His experiment in Lunel-Viel, in the southern Herault region of France, which saw three cows fed local wine for four months produced 'happy cows,’ that ended up producing an exceptionally succulent beef
Now, the ‘Vinbovin’ label has attracted the business of some of Paris’ best restaurants.
Describing how he taught the cows to enjoy a tipple, Mr Tastavy said: "For each animal, alcohol intake should be equivalent to the amount recommended by health authorities for a man – namely two or three glasses of wine a day. In the case of cows, this amounts to between a litre and a litre-and-a-half a day."
After enjoying a cow-size snack of grapes and water, the cattle were allowed wine from Saint-Genies des Mourgues, a Languedoc village near Montpellier renowned for its vineyards.
"The cattle loved what was on the menu and drank it with relish," said Claude Chaballier, owner of the farm where the experiment started last year.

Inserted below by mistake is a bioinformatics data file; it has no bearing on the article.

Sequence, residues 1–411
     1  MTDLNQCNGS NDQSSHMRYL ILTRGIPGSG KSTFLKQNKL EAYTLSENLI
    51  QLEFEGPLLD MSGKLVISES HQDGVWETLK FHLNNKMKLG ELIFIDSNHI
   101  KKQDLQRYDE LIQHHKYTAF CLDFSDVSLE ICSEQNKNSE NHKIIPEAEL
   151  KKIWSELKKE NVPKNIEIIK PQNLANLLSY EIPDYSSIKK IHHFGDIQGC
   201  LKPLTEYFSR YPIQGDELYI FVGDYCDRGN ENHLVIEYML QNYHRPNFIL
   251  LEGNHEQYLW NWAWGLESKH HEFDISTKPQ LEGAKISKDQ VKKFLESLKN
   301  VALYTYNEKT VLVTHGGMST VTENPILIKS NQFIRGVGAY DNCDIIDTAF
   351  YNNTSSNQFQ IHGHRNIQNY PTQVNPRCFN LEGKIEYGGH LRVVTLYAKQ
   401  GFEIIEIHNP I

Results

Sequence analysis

Laurent Pourcel, a Michelin-starred chef, recently waxed eloquently on the topic of the 'luxury meat' saying: "It has a very special texture – beautiful, marbled and tender, and which caramelises during cooking. All the best Parisien restaurants will take it."
Of course, the concept of giving beef a buzz for taste has been around a while. Japanese Kobe beef, which is made with beer, is considered a world-class delicacy, but cows guzzling vintage wine might suggest a comparison of beer drinkers to luxurious wine connoisseurs with sophisticated palettes capable of sensing the nuances of diverse bouquets.
Personally, I wouldn’t know. When someone sniffs a goblet and makes a face at our home we usually change the brand of dishwasher detergent we’re using.
Besides, there’s a downside to eating boozy beef. It seems the introduction of wine into the diet of the Lunel-Viel cows tripled the cost of their feed, adding up to £80 to the cost of a prime beef cut.